Nature and Nurture in Safety: Part 4

“Science may have found a cure for most evils; but it has no remedy for the worst of them all – the apathy of human beings” – Helen Keller
Nature + Nurture = Outcome

Positive + Non-Existent = Apathetic Safety
Continuing on the theme of nature versus nurture, what happens when someone has a positive safety behavior and enters an organization that is neither positive or negative? The company has no safety culture at all. There is lasissez-faire attitude toward the safety culture of the site. 

Nature versus nurture is a complex process of what someone is born with and what they are exposed to. There is significant debate as to the amount each contributes to the whole of a person. When this process is look at from a person and organizational stand point, there are opportunities to better understand how these processes interplay for safety. When various internal behaviors (nurture) are encountered with various organizational cultures (nurture), there are varieties of ways the sum of the parts create an outcome.

When there is a positive nature and a non-existent nurture, it creates a neutral safety organization. In other words and individual has the desire to work safe and the organizational culture does not care either way. So what would this non-existent culture look like:

– There is basic regulatory training. It is conducted in the most efficient manner

– There are not shift discussions on safety

– Safety is only important when there is an incident, usually an injury

– There is no proactive process to measure safety

– The key measurement is LTIR and TCIR. 

The company does care about safety, but from a high level it is based on keeping insurance rates low and preventing regulatory interference. What is means is that there is risk for the employees and there is no external motivation to create systems to make it better. Safety is up to the individual.

Each day the personal will make a choice. They are not discouraged from making the right choice such as setting up a lockout-tagout or confined space entry process. There is also no discouragement from not performing them either. This creates a significant false sense of security. 

As an individual they are making internal choices based on their own process for evaluating risk. Some are much more willing to take risk than others. This can create an illusion that everything is fine with the safety programs and processes. From a legal standpoint, they are able to show training and written programs. A walk of the process may show some opportunity, but not blatant mishandling of safety processes.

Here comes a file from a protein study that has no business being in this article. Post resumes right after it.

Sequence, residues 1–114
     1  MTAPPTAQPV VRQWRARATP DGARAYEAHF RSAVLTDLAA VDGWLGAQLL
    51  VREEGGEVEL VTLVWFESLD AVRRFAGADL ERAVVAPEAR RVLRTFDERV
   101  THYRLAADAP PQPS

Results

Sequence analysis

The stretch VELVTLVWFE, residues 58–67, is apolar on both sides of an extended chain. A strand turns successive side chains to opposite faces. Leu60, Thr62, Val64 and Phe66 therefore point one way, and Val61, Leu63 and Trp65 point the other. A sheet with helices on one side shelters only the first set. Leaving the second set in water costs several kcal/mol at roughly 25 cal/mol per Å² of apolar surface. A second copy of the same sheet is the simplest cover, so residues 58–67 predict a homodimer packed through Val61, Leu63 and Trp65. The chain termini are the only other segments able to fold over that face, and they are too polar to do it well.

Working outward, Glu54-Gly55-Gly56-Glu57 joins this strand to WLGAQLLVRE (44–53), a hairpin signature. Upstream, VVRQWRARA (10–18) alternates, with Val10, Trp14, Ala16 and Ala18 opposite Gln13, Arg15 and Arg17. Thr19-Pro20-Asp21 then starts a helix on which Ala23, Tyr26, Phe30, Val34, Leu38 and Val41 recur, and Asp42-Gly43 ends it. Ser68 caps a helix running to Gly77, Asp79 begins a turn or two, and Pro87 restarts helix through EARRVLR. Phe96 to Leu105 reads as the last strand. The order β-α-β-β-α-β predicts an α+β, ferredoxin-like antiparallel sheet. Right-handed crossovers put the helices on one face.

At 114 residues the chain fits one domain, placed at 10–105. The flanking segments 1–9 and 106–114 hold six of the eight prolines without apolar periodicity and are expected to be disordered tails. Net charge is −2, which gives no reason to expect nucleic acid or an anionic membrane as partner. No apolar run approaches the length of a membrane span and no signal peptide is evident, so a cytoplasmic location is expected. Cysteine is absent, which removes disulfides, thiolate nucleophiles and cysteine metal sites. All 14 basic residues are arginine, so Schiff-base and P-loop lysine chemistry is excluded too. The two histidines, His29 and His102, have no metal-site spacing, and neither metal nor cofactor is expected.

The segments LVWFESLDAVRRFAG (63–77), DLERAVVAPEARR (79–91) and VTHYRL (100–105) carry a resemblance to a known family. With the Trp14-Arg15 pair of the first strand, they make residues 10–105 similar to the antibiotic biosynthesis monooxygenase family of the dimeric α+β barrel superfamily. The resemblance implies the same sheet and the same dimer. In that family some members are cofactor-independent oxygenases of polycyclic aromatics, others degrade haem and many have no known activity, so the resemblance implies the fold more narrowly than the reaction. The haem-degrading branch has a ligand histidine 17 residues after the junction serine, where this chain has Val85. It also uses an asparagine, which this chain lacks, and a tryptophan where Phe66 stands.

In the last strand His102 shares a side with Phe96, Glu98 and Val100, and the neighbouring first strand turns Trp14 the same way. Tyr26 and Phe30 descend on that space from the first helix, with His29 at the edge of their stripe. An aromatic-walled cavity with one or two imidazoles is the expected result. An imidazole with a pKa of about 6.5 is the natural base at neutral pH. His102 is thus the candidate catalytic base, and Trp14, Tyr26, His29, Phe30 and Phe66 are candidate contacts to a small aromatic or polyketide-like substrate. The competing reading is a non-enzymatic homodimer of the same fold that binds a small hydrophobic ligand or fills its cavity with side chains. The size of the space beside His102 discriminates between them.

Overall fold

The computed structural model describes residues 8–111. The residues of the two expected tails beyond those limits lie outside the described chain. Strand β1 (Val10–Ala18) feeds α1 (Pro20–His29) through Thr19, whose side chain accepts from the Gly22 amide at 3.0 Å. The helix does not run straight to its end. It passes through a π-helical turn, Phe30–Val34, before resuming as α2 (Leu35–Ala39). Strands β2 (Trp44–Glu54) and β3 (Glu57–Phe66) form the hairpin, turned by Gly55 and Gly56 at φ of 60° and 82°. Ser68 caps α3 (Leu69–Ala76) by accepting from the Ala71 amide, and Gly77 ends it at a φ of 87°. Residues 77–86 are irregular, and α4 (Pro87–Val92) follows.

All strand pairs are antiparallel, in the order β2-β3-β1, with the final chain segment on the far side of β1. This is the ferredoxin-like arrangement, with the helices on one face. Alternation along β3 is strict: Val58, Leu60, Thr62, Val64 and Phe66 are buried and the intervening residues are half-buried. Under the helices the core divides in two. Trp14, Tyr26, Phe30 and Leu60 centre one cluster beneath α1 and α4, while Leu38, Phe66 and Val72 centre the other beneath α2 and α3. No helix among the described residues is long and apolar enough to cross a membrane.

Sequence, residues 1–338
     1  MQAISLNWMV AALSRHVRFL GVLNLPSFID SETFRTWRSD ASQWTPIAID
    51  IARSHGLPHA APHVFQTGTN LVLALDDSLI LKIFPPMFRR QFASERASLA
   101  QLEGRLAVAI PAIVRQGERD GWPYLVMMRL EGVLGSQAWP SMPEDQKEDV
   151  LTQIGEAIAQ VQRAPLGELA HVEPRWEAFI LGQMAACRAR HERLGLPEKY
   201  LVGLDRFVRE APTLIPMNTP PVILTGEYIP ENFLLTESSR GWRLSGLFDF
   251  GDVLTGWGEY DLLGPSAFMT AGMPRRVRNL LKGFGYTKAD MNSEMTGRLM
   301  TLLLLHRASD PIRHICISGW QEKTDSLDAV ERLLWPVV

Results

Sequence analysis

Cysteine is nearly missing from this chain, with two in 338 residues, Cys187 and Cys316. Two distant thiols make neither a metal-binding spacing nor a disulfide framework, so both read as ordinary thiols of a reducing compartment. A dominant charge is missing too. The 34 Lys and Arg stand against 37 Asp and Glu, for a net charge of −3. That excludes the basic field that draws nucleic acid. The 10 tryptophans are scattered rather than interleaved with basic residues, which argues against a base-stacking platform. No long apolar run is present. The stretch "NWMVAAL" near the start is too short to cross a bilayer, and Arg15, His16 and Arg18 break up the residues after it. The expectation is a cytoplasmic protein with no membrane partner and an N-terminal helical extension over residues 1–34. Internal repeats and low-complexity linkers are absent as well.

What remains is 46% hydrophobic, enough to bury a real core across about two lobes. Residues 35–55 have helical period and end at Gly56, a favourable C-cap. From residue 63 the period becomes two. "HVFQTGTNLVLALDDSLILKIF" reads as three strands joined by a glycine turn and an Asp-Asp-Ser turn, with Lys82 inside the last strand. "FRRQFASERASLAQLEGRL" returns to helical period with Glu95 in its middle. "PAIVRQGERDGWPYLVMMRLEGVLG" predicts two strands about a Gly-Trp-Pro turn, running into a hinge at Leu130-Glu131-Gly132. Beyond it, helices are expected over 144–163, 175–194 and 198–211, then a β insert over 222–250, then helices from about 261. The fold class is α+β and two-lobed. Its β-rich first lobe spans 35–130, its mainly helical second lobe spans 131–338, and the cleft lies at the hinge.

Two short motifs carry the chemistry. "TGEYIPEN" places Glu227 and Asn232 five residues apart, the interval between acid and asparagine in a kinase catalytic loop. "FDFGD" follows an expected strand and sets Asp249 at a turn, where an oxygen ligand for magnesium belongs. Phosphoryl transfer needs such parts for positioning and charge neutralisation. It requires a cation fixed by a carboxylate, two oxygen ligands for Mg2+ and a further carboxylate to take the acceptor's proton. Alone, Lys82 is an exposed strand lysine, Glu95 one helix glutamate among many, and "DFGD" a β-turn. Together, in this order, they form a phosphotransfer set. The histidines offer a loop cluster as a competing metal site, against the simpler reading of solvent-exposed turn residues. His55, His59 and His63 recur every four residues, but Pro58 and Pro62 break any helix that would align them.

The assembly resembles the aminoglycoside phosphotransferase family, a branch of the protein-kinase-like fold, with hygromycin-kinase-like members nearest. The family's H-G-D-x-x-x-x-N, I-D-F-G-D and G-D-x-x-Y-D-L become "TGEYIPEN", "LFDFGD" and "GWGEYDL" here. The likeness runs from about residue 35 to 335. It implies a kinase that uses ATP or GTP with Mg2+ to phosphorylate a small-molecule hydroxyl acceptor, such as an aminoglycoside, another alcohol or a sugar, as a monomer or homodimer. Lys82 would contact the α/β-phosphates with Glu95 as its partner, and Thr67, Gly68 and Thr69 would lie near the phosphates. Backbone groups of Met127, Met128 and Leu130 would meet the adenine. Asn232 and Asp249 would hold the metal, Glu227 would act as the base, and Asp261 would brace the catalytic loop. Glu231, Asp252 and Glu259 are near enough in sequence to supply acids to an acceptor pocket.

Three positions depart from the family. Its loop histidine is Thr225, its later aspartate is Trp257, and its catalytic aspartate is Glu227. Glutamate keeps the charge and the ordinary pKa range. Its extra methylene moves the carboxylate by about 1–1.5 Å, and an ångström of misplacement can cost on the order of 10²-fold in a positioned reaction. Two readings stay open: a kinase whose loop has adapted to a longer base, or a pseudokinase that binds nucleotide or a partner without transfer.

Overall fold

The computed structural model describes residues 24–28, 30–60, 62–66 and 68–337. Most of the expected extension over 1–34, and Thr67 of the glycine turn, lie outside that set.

What this has created is apathy. There is not desire to get better. There is no influence to make it worse. In a negative culture, it can create a kind of backlash where people are working to get more attention on their issues. They are focused on the items that make the environment unsafe. They may be focused on trying to create some change. The neutrality of the safety program is one that is creating the idea that things are okay, so why worry to much about making improvement.

Apathy in safety is a scary idea. When a company believes that it is “good enough” when it comes to safety and it stops focusing on continuous improvement, there is a huge opportunity for risk. The Chemical Safety Board has many examples of good companies that felt they had gotten their safety program to where it should be and stopped pushing to make it better. The apathy created the opportunity for major disasters. 

To combat apathy as part of a safety culture, there has to be a focus on continuous improvement. There needs to be a feedback loop so that the program can be evaluated and those that are served by that program have the opportunity to give input to the improvement cycle. There needs to be proactive metrics that are not only collected but are part of a system that helps to drive positive cultural engagement and change. When it comes to safety culture, apathy is dangerous.

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